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daffyduck1962

Very poor rear brake

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My 2001 VFR800 has always had a very shoddy rear brake. (Had 10k on the clock when I bought it and is now just under 21k) If you want it to hold you stationary on a hill it will do that, but once the wheels are turning it would be more effective to use the soles of my boots!
So I decided to convert to a delinked system with Hel brake lines. It took me all weekend with a the help of a friend. Very involve dwhen it comes to removing all the link pipes.

Anyway the job is finished and the bike is back to it's original glory, so I took it down the road to test the brakes. Front brakes are great, as they always have been, but the back is exactly the same!!!!!!!!!
Plenty of pressure, very little movement in the pedal under foot, but it doesn't slow the bike down any better than before. Rear wheel spins freely when brake released.
I'm guessing there must be a problem with either the rear pistons in the caliper or the rear master cyclinder.
But how do I identify which area to start checking first?

I had always intended to delink the brakes as I thought it was an over complicated system when it came t bleeding the brakes with so many bleed nipples.

The new set up involves a double banjo on the front master cylinder, and a single line to each of the outer piston feeds.
The rear also uses a double banjo and two lines back to both feeds on the rear caliper.
This system is the same as that which is used on the Blackbird, and I spoke to John (he used to run Jaws Motorcycles), and he talked me through it before I began.
Any ideas, anyone?

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Did you try removing the rear caliper and mounting it as high as possible while bleeding?  Don't forget to put something between the pads to take the place of the rotor...

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Things to check/do:


1. Did you pull the pads out of the rear brake and check/clean the general area? Are there any seals protruding around the pistons?
2. Did you use all new crush washers when installing the new line/s to the rear?
3. Have you checked the condition of the rear hydraulic actuator? (cracks, leaks etc...)
4. Have you made sure that the rear pads are properly cleaned and that no grease or brake fluid has contaminated them? (if they were contaminated any more than 'very slightly' you'll want to just replace them).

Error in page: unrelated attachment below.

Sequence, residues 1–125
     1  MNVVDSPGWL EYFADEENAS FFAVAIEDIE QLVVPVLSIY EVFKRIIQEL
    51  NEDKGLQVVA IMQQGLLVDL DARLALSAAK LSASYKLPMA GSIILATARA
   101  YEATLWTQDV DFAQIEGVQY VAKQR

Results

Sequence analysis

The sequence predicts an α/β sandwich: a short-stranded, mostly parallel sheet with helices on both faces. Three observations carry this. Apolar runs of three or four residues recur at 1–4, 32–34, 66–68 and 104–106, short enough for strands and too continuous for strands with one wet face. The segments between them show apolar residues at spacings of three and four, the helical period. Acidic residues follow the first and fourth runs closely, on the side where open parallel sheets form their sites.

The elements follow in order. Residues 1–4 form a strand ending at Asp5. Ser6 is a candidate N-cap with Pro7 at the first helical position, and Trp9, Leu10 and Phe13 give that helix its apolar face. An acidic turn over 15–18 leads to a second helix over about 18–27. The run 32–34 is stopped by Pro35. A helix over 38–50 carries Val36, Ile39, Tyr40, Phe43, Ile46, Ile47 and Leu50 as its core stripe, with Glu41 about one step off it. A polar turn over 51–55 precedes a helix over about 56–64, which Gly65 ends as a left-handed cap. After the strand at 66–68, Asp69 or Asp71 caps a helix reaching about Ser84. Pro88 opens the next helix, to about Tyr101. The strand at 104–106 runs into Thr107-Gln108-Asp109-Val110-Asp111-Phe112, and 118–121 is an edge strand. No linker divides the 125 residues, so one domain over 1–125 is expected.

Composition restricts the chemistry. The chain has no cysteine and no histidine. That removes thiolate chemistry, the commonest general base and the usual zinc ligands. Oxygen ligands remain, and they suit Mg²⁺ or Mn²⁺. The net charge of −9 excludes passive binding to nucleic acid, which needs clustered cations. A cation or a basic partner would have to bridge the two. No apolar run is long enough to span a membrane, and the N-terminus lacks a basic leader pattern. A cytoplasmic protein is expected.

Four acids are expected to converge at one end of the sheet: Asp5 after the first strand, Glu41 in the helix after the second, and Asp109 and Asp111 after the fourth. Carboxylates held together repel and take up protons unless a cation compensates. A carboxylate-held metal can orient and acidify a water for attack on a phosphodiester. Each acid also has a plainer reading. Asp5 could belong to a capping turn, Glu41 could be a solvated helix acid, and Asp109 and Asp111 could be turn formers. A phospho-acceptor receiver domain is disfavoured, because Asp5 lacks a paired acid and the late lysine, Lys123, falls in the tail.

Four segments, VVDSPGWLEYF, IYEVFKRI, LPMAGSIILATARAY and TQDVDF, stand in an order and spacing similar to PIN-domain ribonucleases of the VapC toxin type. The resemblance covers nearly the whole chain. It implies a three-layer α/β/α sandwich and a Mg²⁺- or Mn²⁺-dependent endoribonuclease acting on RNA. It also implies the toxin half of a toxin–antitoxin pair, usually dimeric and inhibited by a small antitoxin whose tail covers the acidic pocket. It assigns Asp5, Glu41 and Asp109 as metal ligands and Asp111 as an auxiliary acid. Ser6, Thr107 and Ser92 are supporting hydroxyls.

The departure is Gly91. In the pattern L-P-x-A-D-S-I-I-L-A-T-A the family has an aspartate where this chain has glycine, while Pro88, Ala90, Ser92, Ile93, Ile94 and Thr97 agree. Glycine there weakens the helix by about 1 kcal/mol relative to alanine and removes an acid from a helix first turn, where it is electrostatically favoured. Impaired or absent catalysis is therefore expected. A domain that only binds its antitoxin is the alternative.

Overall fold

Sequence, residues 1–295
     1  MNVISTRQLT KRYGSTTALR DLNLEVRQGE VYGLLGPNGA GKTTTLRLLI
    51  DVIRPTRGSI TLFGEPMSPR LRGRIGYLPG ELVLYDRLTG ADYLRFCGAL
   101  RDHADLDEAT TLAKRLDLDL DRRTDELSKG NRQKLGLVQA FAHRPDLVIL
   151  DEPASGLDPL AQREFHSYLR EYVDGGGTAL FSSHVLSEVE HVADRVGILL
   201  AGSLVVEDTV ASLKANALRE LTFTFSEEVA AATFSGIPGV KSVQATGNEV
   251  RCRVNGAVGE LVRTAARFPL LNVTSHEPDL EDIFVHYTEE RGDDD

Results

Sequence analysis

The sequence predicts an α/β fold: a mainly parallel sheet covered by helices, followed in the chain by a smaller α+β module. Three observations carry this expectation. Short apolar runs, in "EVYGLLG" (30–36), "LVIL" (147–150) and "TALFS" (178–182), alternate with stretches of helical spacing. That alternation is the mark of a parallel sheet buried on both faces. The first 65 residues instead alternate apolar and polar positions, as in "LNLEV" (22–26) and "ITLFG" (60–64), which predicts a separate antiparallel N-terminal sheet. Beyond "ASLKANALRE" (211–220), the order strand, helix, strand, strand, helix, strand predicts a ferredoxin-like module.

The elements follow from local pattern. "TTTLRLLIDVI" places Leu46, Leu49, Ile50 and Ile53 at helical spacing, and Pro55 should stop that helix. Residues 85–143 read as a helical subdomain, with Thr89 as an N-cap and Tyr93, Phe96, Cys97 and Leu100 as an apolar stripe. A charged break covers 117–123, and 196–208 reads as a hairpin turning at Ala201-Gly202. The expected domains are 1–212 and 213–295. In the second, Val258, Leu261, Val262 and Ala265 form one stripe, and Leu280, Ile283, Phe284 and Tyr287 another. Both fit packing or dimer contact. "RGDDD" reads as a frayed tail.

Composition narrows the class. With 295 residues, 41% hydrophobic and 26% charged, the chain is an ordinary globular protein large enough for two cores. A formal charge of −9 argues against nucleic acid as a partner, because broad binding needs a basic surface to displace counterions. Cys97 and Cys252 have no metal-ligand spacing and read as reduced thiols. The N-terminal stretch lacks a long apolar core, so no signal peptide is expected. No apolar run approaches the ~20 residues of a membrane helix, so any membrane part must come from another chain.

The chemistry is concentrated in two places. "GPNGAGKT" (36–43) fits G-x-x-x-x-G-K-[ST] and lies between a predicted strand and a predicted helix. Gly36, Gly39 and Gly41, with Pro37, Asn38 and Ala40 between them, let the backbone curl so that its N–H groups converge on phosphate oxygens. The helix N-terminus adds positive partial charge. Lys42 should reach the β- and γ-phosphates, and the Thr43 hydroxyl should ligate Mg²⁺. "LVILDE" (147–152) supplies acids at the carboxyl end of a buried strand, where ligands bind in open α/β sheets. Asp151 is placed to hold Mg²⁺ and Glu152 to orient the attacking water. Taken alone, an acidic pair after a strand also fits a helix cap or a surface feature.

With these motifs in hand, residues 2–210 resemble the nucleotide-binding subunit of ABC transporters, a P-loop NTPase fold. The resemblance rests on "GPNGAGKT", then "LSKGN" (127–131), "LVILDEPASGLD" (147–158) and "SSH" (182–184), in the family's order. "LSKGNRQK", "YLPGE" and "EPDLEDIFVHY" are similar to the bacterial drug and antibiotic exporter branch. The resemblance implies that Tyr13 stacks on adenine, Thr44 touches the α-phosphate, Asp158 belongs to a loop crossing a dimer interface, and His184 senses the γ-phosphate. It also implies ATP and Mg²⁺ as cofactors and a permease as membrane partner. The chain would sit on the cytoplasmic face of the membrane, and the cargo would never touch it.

5. With the rear pads out; Have you confirmed that the pistons move in and out properly and fully, with even motion?
6. Have you checked the condition of the hose linking the res to the actuator? It could be old and just bulging when you hit the brake, thus not transferring pressure fully.

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I have the stock rear caliper, with a CBR600F4 master connected using both lines and a double banjo at the master. My back brake is great.

 

I'd say you need to dismantle the caliper and clean the pistons, and replace the seals. If anything with the stock master you should have a bit of a touchy, lock-prone brake as the master:slave area ratio is now pretty high driving that extra third piston. 

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5 hours ago, daffyduck1962 said:

The new set up involves a double banjo on the front master cylinder, and a single line to each of the outer piston feeds.
The rear also uses a double banjo and two lines back to both feeds on the rear caliper.
This system is the same as that which is used on the Blackbird, and I spoke to John (he used to run Jaws Motorcycles), and he talked me through it before I began.
Any ideas, anyone?

So if I understand you correctly, you have eliminated the proportioning valve out of the system and your setup is now more like a standard brake system common on most bikes? 

Your rear is straight from the master cylinder with the brake lines direct to the calipers? 

 

- If so on the rear, many of us have converted from the delink to standard style brakes, including the rear. -- Specifically for the rear you need to change the master cylinder to a  14mm  -

very common available - RC51, Super hawk, F4i, CBR600. (ok, I dont remember the mm cyl size, but its the most common Honda part.) I just bought a new RC51....  - Change out the M/C and you will get the improvement you need. 

 

Other options are to go with a single line and use a short bridge between the caliper ports. -- check my gallery for photos... 

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17 hours ago, daffyduck1962 said:

The rear also uses a double banjo and two lines back to both feeds on the rear caliper.

Isn't the centre piston a different bore size to the outer two? - Would have thought this would mean it moves at a different rate, either faster or slower than the others and once the pad presses against the disk either the centre or outer pistons will not be able to move further and exert their full force on the pad?

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That's not really the way a hydraulic circuit works. The fluid will push the pistons out evenly until they meet resistance i.e. the pad touches the disc. Then the piston with the biggest diameter will exert the greatest force on that part of the pad. It is normal on front 4-piston calipers for the leading piston to be smaller and trailing larger, as the trailing piston is over the hotter part of the pad and so requires more force to overcome the heating effects and keep pad wear even.